During surgery to insert an implantable cardioverter defibrillator, the doctor uses a local anesthetic to numb the insertion site, according to Johns Hopkins Medicine. After making a small incision, the doctor inserts a plastic tube into the blood vessel, then guides in the ICD lead wire and advances it until it is at the heart. After testing for correct placement, he inserts the ICD generator just under the incision, checks the wire connections and device function, then closes the site.
Depending on the patient's medical condition and other factors, he may have the surgery on an outpatient basis or may remain in the hospital. Prior to the procedure, the patient must remove all jewelry and put on a gown, and receives an intravenous line to deliver fluids and sedative medication throughout the surgery, explains Johns Hopkins. The patient also remains hooked up to an electrocardiogram monitor and has careful monitoring of his other vital signs during the ICD insertion.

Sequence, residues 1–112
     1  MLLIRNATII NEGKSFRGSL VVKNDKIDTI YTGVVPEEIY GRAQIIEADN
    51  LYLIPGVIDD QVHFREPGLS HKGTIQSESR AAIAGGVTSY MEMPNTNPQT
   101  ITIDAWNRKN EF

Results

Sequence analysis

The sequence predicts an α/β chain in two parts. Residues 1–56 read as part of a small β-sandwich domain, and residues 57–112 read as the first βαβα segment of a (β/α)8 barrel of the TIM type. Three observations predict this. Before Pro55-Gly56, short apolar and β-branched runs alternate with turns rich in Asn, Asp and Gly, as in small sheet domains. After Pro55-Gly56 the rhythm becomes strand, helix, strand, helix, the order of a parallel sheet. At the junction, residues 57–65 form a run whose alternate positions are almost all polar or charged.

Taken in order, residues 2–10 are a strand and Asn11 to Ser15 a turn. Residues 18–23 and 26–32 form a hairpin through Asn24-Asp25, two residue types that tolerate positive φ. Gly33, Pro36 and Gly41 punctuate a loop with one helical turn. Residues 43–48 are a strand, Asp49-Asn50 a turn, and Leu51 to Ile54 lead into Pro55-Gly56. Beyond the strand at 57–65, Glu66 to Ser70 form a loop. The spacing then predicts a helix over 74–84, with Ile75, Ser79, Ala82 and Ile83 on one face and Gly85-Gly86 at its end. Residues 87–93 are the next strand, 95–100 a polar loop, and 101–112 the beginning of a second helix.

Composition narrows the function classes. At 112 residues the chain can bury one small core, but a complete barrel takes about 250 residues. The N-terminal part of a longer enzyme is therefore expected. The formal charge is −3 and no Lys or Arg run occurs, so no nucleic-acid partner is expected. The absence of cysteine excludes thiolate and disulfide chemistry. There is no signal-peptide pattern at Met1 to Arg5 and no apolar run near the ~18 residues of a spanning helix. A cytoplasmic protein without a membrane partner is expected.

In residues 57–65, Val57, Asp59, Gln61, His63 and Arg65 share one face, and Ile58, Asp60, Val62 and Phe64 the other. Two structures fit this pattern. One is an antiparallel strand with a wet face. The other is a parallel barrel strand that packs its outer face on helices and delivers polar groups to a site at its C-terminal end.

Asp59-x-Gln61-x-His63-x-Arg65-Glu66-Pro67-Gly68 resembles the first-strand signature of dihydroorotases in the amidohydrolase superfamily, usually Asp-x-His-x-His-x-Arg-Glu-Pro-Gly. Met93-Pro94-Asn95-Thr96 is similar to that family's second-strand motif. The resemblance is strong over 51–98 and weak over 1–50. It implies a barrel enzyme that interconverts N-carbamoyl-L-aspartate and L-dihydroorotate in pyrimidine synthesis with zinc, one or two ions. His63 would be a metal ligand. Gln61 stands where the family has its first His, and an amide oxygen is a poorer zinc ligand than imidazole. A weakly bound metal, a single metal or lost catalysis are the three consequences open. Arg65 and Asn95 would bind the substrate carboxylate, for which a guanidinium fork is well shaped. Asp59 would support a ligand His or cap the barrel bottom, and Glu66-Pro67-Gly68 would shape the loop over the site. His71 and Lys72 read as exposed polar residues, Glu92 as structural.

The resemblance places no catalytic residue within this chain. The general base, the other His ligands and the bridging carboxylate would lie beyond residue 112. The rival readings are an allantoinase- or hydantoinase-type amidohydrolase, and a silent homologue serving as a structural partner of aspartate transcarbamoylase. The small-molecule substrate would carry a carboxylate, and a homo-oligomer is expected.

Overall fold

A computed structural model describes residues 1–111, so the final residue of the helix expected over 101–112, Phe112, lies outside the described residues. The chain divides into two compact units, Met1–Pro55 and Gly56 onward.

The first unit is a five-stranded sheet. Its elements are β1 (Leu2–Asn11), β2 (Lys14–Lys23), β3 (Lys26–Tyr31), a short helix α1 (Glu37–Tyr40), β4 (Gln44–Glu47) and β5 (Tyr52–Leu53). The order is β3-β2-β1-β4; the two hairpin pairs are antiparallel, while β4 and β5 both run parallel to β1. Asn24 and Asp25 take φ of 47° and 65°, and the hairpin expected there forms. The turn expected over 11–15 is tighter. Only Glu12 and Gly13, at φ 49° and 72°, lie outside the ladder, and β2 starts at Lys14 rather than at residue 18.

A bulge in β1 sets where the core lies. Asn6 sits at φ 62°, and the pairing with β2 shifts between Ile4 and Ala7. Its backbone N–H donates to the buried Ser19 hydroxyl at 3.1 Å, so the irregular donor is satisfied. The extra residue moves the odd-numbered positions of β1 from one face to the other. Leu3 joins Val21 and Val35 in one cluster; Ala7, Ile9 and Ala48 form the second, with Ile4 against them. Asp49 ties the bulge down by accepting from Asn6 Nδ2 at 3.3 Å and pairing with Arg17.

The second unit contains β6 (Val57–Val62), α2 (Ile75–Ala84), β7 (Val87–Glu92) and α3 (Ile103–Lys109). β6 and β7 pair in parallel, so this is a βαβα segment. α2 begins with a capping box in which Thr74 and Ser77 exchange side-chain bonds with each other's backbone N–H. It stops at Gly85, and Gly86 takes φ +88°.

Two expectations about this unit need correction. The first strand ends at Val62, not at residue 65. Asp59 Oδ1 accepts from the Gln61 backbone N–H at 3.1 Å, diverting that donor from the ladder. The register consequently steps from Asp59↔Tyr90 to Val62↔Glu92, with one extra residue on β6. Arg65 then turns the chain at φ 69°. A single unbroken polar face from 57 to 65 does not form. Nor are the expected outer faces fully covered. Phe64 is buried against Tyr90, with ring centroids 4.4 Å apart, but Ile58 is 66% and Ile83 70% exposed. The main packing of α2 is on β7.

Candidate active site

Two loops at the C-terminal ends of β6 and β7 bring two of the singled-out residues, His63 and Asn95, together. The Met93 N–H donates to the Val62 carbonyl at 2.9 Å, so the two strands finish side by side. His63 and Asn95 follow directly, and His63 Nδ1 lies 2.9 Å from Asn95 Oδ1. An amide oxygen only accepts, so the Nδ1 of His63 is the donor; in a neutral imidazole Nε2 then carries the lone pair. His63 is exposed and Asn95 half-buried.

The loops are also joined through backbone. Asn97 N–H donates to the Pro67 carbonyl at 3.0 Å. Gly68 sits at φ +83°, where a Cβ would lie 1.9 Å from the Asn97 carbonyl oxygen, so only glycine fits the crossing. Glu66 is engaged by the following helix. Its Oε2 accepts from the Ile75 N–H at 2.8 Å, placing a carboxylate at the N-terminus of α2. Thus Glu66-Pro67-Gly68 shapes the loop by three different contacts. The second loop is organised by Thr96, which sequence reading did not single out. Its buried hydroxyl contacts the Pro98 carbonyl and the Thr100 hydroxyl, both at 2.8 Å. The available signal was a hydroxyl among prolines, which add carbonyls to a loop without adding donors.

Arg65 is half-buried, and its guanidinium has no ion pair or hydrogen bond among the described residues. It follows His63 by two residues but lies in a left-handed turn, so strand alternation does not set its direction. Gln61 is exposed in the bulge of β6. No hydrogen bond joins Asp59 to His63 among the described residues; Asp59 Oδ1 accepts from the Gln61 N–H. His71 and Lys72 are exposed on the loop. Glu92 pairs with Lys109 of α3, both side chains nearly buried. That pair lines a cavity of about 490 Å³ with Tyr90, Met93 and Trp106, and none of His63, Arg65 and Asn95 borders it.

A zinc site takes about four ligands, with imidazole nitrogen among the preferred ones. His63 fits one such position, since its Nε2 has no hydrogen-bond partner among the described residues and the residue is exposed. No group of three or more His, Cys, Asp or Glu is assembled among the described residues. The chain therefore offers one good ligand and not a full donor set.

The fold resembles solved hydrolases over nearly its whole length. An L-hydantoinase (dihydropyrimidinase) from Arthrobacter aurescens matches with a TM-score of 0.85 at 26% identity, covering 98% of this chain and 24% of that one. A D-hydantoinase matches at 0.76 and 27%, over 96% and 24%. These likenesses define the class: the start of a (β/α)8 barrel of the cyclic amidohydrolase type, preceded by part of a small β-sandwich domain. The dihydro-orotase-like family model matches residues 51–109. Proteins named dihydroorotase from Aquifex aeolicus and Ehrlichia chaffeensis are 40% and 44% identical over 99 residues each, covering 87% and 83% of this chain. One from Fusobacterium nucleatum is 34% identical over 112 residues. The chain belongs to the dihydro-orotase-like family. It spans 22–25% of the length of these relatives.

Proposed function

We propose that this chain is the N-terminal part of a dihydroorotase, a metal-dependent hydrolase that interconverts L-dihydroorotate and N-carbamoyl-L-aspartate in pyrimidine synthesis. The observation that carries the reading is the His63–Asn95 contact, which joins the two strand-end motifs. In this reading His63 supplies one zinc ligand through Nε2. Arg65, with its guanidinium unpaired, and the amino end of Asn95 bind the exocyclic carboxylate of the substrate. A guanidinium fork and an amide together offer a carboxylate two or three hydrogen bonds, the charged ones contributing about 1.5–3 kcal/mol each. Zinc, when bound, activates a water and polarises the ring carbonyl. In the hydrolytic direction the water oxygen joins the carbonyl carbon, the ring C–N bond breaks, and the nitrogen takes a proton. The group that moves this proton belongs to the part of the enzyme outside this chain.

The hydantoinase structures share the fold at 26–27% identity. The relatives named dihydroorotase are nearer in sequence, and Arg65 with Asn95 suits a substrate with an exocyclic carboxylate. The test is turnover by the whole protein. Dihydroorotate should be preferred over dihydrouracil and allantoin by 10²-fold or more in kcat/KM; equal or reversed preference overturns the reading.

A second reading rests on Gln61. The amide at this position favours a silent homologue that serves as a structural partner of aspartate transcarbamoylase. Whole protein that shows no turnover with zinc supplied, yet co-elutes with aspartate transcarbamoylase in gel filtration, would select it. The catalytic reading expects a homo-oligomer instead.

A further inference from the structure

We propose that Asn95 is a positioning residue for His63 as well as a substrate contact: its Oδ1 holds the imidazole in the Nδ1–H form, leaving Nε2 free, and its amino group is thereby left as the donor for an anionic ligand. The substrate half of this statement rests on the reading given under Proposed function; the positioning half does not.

Doctors typically use an area just above the collar bone for the insertion site, cleaning the area with antiseptic prior to making an incision. Patients may need up to three lead wires, depending on the device the doctor implants, says Johns Hopkins. The site for the ICD generator is usually an area just below the collar bone. Following implantation, the doctor seals the incision site using stitches, adhesive strips or glue, and then applies a sterile bandage.